Working for the past 6 years to build, grow, and sell SpectaReg, a tool for on-chip register management, I’ve discussed registers with a wide range of people. In explaining the underlying problem of registers and memory address mapping, whether the audience be technically lay or literate, I enjoy a good concrete analogy that people can relate to.
Here are some analogies that can be made for register management, each a potential topic for exploration in a future blog posting.
Register management has similarities to…
Undoubtedly, there are many other analogies that could be made. I hope readers can leave some comments with other ideas.
For the system designer, the platform is a complex supply chain of internal/externally developed hardware/software intellectual property (IP). It’s a complex set of risks and trade offs that must be analyzed in the decision making process. The winning platform provider will go above and beyond, to provide a whole solution, including a programmers guide to the register map, driver code and maybe even an executable specification model.
There are many different requirements that the System Developer may have for the IP deliverables, including:
A good approach to the modelling and abstraction of the hardware/software interface can help to achieve these requirements for both the IP producer and the system integrator. The SpectaReg register management tool’s approach is to generate the different deliverables from a common, single-source specification model. This provides opportunities for “bottom up” and “top down” approaches to firmware abstraction and system documentation preparation.
Abstraction by the IP Provider - Bottom Up
The IP provider should provide a memory map document of the different memory mapped elements and registers. Better yet, they may additionally provide a device driver code that abstracts the registers to provides a higher level view of the IP. Since the abstraction is created by the engineers specializing in the IP rather than engineers specializing on the overall system we call this “bottom up” abstraction.
Abstraction by the System Integrator - Top Down:
The IP consumer may have their own special way of doing device drivers, system memory testing and diagnostics. They might be targeting a specialized processor or interconnect architecture, language or operating system. They might be optimizing for throughput, power, or memory. They might have custom monitoring, programming and debugging systems. For these reasons the IP consumer might choose to create their own firmware. This “top down” approach to hardware abstraction requires that both the IP provider and consumer have excellent and inter-operable register management workflows.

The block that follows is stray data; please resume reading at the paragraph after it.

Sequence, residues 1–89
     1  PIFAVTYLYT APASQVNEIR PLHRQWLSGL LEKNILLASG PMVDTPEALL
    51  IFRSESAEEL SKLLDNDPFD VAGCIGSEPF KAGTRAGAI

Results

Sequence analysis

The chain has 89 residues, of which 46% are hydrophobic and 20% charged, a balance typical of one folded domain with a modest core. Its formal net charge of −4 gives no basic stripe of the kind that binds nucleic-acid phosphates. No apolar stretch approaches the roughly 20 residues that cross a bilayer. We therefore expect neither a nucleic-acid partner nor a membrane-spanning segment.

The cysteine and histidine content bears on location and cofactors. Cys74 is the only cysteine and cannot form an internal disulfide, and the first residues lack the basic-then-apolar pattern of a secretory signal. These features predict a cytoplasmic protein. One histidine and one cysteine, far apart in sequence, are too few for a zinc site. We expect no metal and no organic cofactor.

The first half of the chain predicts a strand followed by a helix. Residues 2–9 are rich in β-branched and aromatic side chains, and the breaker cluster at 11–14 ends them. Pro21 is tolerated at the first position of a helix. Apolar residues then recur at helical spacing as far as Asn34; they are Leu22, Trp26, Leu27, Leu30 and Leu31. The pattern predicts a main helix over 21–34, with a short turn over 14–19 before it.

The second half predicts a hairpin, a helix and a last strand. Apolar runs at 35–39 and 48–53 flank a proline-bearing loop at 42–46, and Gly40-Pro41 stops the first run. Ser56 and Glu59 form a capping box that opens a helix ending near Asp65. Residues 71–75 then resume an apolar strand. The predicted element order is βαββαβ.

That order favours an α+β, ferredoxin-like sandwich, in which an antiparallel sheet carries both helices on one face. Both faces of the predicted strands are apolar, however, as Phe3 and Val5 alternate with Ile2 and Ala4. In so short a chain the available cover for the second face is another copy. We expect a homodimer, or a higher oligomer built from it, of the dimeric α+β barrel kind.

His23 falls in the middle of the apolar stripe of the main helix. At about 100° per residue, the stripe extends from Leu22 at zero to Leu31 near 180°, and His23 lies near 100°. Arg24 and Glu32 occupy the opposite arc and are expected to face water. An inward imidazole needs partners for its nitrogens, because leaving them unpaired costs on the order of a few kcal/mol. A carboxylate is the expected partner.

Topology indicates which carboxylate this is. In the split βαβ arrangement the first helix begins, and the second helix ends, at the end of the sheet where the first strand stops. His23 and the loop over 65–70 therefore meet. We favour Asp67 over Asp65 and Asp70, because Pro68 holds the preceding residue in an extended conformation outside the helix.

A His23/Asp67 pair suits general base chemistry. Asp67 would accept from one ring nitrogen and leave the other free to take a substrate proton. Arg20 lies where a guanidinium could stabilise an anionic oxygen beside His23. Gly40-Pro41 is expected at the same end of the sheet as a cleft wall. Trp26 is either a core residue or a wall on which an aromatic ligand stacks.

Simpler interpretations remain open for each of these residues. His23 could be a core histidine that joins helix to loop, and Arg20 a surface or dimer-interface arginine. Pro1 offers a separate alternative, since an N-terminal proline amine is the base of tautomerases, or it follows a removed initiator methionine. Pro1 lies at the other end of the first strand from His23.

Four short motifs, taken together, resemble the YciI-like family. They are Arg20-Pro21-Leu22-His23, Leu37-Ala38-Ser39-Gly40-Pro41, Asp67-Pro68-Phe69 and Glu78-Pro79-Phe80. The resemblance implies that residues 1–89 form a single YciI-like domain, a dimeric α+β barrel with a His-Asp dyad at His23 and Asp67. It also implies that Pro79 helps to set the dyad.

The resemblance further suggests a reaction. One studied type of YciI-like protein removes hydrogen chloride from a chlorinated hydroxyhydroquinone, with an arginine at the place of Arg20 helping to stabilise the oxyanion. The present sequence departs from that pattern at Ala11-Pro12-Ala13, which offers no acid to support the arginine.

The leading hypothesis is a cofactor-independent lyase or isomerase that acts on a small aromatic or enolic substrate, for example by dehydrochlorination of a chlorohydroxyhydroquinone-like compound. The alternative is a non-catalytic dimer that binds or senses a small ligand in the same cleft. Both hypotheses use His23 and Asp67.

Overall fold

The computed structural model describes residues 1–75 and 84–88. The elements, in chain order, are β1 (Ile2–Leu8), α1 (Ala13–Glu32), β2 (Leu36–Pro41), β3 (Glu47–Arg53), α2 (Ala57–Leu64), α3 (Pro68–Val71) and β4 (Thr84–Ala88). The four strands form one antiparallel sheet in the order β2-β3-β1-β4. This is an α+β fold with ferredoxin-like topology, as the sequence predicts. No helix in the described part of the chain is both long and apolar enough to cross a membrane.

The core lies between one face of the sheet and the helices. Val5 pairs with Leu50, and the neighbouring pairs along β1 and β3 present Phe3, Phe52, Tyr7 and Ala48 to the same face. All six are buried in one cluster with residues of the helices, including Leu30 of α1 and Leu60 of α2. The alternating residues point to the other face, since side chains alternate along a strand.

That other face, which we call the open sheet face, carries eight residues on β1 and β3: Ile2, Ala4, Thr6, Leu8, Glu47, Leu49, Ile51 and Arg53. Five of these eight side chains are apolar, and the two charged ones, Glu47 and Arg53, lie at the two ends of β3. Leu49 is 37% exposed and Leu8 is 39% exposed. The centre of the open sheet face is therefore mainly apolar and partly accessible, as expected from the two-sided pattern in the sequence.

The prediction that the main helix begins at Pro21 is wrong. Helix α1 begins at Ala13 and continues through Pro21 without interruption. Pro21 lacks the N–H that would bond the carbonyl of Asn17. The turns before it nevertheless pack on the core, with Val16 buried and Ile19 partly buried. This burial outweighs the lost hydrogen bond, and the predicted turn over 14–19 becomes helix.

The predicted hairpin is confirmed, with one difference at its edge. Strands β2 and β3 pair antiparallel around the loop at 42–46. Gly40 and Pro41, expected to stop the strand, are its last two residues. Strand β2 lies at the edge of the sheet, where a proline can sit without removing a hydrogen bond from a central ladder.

The Register Supply Chain:
Something we are seeing in our extensive work with registers is that there is a supply chain of register specifications from the different IP providers. For example, the provider of a SPI core may have several registers that they code in Verilog, VHDL, C/C++ and publish in HTML or PDF. Then, the consumer of the SPI core may want to integrate the registers of the SPI core into their overall register map and C/C++ driver code in a way that is consistent across the entire system. Within this process there are various different teams and perspectives that need to consume the specification and produce work based upon that. This is the Register supply chain.
A Semantic Register Specification and the Supply chain:
Ideally the IP developer captures the registers into a semantic specification model that can be used as a single source of the register interface specifications. With SpectaReg, this is done through a browser based GUI and imported/exported using IP-XACT (and many other formats too). The underlying model specifies all relevant information relating to the registers, including typing information relating to how the register’s bit-fields are implemented and how they function. The model also includes inter-relationships between register fields. For example, a certain bit may be defined as an interrupt and it may be associated with a trigger and mask bits. The firmware programmer knows how the interrupt will operate and the RTL developer knows how it is auto-implemented in the Verilog and/or VHDL, based on the typing of the bit. From the semantic model, the related RTL and firmware code can be auto-generated to target different bus interface protocols and different coding and presentation styles that suit the needs of the system integrator.